One of the things I love about working with publishers and self-publishers is that wide range of books that come in each and every day. Any given day might involve a grandmother’s cookbook, the history of horse wrangling in South Dakota, a yearbook for a college on the East Coast, a book by an author whose work I already love, or someone new I’ve never heard from before. I never know what project is coming up next when the phone rings!
We Are the Future was one of those books. Merna Hecht, a nationally known storyteller, teaching artist, poet and essayist, called us one day to talk about a new project she was working on. Right from the start I knew this was something special, and I’ve been delighted to follow along as We Are the Future came to life on the printed page.
We Are the Future comes directly from the Stories of Arrival Poetry Project out of Foster High School in Tukwila, Washington. Collecting poetry broadsides from refugee and immigrant youth, We Are the Future gives students a chance to tell their story in their own words and art. We asked Merna to tell us a little more about We Are the Future and the Stories of Arrival Project.
A Conversation with Editor Merna Hecht
Gorham Printing: Tell me about the heart of Stories of Arrival. What inspired this project?
Merna Hecht: Thank you for asking about the heart of what inspired the project. Most of all it is the core belief that co-director Carrie Stradley and I share that it is vital for refugee and immigrant youth to tell their own stories. These individual stories can educate the larger community about the experience of migration as it affects young people and their families. We believe that compassion and understanding are increased, not through sound bites about wars and conflicts, or as overwhelming statistics, but through individual stories that touch our hearts and broaden our sense of what it means to leave a homeland and arrive in a new place.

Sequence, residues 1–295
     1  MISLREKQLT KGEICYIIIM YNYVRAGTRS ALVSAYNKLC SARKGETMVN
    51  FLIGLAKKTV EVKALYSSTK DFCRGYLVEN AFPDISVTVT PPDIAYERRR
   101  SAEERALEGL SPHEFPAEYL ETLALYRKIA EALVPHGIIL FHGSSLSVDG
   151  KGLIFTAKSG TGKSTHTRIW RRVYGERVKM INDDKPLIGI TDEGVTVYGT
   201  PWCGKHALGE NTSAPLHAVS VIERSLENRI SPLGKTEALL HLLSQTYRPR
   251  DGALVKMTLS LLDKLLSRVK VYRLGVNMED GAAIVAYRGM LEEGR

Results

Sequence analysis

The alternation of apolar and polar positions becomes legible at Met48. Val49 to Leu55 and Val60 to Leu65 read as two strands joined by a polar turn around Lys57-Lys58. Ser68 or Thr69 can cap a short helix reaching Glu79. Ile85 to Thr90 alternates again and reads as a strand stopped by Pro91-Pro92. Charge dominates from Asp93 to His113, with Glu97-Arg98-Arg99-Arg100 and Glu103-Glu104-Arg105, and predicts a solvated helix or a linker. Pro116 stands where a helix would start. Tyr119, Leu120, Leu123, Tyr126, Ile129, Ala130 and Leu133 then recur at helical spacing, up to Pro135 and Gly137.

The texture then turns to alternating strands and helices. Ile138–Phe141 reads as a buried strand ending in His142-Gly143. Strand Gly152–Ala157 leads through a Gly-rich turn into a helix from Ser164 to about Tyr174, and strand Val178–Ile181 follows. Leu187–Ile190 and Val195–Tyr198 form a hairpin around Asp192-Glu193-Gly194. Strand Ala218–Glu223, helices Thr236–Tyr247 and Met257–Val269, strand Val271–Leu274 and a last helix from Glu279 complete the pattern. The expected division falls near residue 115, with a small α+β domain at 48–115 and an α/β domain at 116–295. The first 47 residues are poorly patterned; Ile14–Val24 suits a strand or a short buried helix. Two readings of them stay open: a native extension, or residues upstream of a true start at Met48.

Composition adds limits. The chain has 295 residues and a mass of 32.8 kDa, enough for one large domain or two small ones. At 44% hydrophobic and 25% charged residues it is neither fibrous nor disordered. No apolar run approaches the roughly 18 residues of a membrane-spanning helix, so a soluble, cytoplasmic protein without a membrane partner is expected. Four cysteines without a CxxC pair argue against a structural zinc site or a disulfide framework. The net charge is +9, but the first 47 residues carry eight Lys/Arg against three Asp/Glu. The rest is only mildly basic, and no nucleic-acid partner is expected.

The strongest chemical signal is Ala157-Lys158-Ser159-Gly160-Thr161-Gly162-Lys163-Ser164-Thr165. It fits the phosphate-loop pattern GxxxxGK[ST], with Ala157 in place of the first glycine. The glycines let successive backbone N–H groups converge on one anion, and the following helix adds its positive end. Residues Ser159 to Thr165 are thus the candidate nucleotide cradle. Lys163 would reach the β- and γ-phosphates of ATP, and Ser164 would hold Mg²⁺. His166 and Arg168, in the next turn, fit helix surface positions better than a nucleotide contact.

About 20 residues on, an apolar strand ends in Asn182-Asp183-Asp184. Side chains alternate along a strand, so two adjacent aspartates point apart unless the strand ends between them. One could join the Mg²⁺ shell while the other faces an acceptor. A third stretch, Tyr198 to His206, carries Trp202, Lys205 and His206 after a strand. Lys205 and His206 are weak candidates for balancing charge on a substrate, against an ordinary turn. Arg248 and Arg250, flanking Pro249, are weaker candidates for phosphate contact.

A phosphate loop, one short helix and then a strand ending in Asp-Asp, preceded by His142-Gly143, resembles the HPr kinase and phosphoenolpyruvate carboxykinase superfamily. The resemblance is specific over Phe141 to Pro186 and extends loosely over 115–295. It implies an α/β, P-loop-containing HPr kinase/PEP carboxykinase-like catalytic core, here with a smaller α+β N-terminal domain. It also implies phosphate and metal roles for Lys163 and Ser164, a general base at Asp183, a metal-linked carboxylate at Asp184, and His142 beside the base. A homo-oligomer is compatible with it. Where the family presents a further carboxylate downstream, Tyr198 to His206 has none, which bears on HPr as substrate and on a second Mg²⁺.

GP If you had to summarize Stories of Arrival in three sentences, what would you say?
MH: Our project gives refugee and immigrant youth a forum for speaking out on issues that determine their future and their well-being. We fully honor that youth are the future and we provide an arena for refugee and immigrant youth to articulate their identity, honor their cultures and speak to the world they hope for. It is a project that celebrates the power of poetry to tell stories of loss, struggle, hope and dreams all toward envisioning a more peaceful, humane world.
GP: How have the students reacted to seeing their poems in print?
MH: They are thrilled to see their art and poems in print—they feel like their voices and artistic expressions have a far reach and they are very proud of that and of each other.
GP: How have readers reacted to We Are the Future?
MH: We have received responses from many people around the country telling us how deeply they have been touched by the poetry, stories, images and photos in the book. All of these kind responses tell us two main things. One is that the book touches the heart of its readers and enlarges their awareness of the courage and resilience of refugee and immigrant youth. Also, there is a sense of surprise and gratitude as to how much these young people have to teach us, contribute to our communities and remind us of our common humanity.
GP: What made you decide to self-publish this book?
MH: I wanted to bring the book into printed form so that the students could see their work and celebrate themselves and each other, because with the COVID-19 school closures we had no way of holding community showcases and readings to honor their voices and creativity and deep engagement in the project.
GP: How did you find out about Gorham Printing?
MH: I learned of Gorham from a friend who works at our local independent bookstore. She gave me the Gorham pamphlet of sample paper and covers and I knew right away that Gorham would fit perfectly for our vision of what we wanted for this full color book. The “vibe” was just right! I stopped looking at other printers!
GP: What do you wish you had known at the beginning of the book printing process?
I wish I had anticipated how many copies I needed instead of eventually placing two more orders!
GP: Where can people find out more about your book?
MH: I have remaining copies from the Gorham printing and can be contacted at firstname.lastname@example.org for price and mailing instructions. The proceeds go directly to our project. The book is coming out soon as a trade book from Seattle’s Chin Music Press and can now be ordered and mailed directly from them.